EMS BUILDING—Pennington said he toured the EMS building with a consulting firm in an effort to address continuing maintenance needs at the location. If council accepts the company’s proposal to study the facility, the work will include examining the EMS building (former hospital clinic) as a new, larger location for the police department, also.

FIRE—Assistant fire chief Brad Lonis said that 12 members of the fire department had a perfect attendance record for training sessions over the past year and several more missed only once. Lonis said that’s an excellent record envied by other departments.

  • Front.nok Hok
    GAMES DAY—Finn Molitierno (right) celebrates a goal during a game of Nok Hockey with his sister, Kyla. The two tried out a variety of games Saturday at Stair District Library’s annual International Games Day event. One of the activities featured a sort of scavenger hunt in which participants had to locate facts presented in the Smithsonian Hometown Teams exhibit. The traveling show left Morenci’s library Tuesday, wrapping up a series of programs that began Oct. 2. Additional photos are on page 7.
  • Station.2
    STRANGE STUFF—Morenci Elementary School students learn that blue isn’t really blue when seen through the right color of lens. Volunteer April Pike presents the lesson to students at one of the many stations brought to the school by the COSI science center. The theme of this year’s visit was the solar system.
  • Front.leaves
    MAPLE leaves show their fall colors in a puddle at Morenci’s Riverside Natural Area. “This was a great year for colors,” said local weather watcher George Isobar. Chilly mornings will give way to seasonable fall temperatures for the next two weeks.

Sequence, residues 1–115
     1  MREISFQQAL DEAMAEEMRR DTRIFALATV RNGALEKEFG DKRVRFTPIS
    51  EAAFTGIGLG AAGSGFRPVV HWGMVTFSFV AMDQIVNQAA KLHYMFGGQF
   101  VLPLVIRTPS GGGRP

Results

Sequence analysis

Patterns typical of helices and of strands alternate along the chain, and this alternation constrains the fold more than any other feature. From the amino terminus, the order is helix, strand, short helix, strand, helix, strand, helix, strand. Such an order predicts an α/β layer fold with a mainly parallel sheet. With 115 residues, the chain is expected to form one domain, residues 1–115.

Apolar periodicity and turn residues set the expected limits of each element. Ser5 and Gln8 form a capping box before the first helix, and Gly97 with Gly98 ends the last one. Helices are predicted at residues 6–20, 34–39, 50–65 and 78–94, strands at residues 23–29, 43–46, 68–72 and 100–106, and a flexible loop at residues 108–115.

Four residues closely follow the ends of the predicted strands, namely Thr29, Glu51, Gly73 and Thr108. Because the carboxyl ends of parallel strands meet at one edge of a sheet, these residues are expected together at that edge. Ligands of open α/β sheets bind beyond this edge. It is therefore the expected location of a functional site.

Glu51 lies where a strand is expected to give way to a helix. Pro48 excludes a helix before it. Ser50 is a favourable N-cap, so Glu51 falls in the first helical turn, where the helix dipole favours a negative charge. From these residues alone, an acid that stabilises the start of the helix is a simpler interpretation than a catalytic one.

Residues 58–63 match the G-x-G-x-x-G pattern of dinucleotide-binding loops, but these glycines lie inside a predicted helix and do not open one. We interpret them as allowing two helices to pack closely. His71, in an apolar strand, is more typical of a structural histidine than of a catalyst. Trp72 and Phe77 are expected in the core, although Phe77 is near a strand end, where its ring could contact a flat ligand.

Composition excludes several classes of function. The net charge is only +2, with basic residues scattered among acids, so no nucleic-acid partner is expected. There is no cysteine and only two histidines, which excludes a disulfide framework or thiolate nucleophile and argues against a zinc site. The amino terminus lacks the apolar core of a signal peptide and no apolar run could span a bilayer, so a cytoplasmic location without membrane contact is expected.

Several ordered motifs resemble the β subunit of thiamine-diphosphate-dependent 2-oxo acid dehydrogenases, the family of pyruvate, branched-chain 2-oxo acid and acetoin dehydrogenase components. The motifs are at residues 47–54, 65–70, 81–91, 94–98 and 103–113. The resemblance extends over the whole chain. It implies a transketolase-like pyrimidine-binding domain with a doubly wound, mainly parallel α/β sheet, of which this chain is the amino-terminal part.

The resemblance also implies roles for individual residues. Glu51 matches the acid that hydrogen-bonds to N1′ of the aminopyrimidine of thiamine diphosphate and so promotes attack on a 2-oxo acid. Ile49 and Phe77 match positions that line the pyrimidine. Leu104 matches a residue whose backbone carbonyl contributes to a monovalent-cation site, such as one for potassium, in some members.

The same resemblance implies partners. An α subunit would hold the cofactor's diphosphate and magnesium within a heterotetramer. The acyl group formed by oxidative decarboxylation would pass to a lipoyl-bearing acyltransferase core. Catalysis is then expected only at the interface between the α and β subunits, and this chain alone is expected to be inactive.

• Front.band
    MORENCI Marching Band member Brittany Dennis keeps the beat Friday during the half-time show of the Morenci/Pittsford football game. Color guard member Jordan Cordts is at the left. The band performed this season under the direction of Doyle Rodenbeck who served as Morenci’s band director in the 1970s. He’s serving as a substitute during a family leave.
  • Front.poles
    MOVING EAST—Utility workers continue their slow progress east along U.S. 20 south of Morenci. New electrical poles are put in place before wiring is moved into place.
  • Front.cowboy
    A PERFORMER named Biligbaatar, a member of the AnDa Union troupe from Inner Mongolia, dances at Stair District Library last week during a visit to the Midwest. The nine-member group blends a variety of traditions from Inner and Outer Mongolia. The music is described as drawing from “all the Mongol tribes that Genghis Khan unified.” The group considers itself music gatherers whose goal is to preserve traditional sounds of Mongolia. Biligbaatar grew up among traditional herders who live in yurts. Additional photos are on the back page of this week’s Observer.
  • Front.bear
    HOLDEN HUTCHISON gives a hug to a black bear cub—the product of a taxidermist’s skills—at the Michigan DNR’s Great Youth Jamboree. The event on Sunday marked the fourth year of the Jamboree. Additional photos are on page 12.